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Thursday 23 March 2023 Dublin: 7°C
# a crafty business
2 brewers, 1 goal: How two very different craft beer companies are hoping to get ahead in 2015
How are the old hands in Irish craft beer getting along with the new brewers on the block?

IT’S DIFFICULT TO keep count of the number of new Irish micro-breweries coming on stream at the moment.  A recent report estimated there would be around 50 of the boutique brewers on the go by the end of the 2014 (more on that here, in our article from the other day).

And, although the sector boxes well above its weight in terms of media attention and general visibility — in reality, the craft beer market still makes up only a tiny percentage of the country’s total beer consumption: 1.2 per cent, to be precise.

We caught up with the driving force behind one of the latest additions to the market, and one of the more established players, to talk about their hopes for 2015 … and beyond.

The new brewers on the block…

Cathal O’Donoghue and Emma Devin developed their obsession with craft brewing while living in New Zealand back in 2009.

Starting off as enthusiastic amateurs, the couple honed their skills over home-brew kits — no doubt gaining plenty of new friends in the process as they doled their product out for testing.

On returning home, they racked up wins in two prestigious brewing competitions — prompting a bold decision to plough all of their savings into their own brewery.

Rascals Brewing Cathal and Emma Rascals Brewing

Cathal — a former pharmaceutical engineer — now heads up the operation on a day-to-day basis. Emma’s continuing with the day job, in tandem with her role in brewery.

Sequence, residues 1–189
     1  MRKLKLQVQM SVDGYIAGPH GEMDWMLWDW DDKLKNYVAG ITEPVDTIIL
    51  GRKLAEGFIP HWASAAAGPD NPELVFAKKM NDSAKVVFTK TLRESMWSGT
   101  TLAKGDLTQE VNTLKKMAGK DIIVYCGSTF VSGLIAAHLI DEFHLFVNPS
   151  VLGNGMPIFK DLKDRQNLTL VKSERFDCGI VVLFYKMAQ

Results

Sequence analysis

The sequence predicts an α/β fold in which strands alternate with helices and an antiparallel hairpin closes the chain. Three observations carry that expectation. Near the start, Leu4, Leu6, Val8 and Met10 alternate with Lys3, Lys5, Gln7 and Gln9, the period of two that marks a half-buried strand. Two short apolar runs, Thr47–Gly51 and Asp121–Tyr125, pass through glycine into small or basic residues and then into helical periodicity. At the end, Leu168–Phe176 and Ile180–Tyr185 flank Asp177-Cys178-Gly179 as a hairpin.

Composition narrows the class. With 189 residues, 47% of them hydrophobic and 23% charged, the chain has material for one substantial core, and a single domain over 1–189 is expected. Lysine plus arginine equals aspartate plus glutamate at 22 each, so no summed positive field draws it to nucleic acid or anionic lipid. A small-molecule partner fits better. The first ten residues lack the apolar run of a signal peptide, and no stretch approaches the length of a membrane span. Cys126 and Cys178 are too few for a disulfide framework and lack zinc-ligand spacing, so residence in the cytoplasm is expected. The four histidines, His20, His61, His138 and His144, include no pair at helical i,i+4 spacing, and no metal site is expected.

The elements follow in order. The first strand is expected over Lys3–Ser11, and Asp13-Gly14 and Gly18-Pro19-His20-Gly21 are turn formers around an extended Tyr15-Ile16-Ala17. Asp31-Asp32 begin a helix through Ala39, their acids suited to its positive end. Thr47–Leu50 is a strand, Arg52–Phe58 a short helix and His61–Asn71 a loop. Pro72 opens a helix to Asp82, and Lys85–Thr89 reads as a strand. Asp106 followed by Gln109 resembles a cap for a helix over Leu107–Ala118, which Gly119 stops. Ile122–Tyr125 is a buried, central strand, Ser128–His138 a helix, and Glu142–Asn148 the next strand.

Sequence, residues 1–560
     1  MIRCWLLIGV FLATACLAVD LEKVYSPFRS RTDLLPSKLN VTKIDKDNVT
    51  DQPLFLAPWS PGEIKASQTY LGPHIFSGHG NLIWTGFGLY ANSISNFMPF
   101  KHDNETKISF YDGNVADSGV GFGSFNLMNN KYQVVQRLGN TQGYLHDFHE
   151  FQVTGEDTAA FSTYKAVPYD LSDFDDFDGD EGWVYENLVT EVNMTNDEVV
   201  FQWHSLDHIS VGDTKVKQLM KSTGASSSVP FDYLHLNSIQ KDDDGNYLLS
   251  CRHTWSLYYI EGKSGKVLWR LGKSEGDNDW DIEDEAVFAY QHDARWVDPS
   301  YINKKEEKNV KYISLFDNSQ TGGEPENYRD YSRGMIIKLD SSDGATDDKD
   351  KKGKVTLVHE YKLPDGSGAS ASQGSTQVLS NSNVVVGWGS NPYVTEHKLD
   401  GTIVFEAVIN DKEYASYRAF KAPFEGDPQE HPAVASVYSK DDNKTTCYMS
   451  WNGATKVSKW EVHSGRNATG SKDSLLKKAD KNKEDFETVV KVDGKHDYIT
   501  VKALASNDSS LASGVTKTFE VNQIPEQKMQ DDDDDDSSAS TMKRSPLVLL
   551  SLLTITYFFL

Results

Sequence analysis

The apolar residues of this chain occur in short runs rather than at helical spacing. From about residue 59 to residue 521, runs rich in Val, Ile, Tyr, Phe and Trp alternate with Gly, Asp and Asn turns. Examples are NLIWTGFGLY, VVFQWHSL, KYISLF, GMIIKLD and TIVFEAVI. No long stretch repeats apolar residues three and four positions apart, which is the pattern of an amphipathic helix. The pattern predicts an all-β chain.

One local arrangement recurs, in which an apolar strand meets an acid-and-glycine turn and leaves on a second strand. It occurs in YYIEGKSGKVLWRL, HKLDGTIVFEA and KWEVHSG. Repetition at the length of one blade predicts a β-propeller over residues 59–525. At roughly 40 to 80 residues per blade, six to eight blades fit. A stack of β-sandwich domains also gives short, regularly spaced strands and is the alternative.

Speaking to in the unglamourous environs of Rascal’s HQ — a West Dublin industrial estate unit, O’Donoghue is already making plans for expansion.

Best scenario?… I would like to think that we would have upscaled from this brewery to a bigger one in the next three to five years, and would be employing up to ten people.

Indeed, the couple have been busy since moving into the Rathcoole unit back in February.

Their 950 litre brewery had to be dismantled and transported across the country from its former home (it’s Galway Bay’s old kit) — before being put together once again in Dublin.

Says O’Donoghue: ”My experience in the pharma industry came in handy there.”

Since then, they’ve stepped up production to 50 per cent capacity on their current equipment — and their beer’s now available in 23 pubs around the country (and counting)

In the short-term, there’s a tough decision to be made on whether or not to start bottling — “a massive step up in production costs, we’ll have to look at the figures”.

And already, there are plans to build-in extra capacity at the Rathcoole plant:

We’re putting a mezzanine in, which would give us loads more room for more kegs and more vessels.

Daragh Brophy Cathal (left) tests the brew, alongside colleague Andy Saul Daragh Brophy

The recent surge of growth in the sector, which has even prompted Guinness to jump on board the bandwagon with two ‘craft beers’ of its own shows there’s “definitely something there” says Cathal…

And although Irish brewers typically have to compete with imports from the US, Belgium and elsewhere.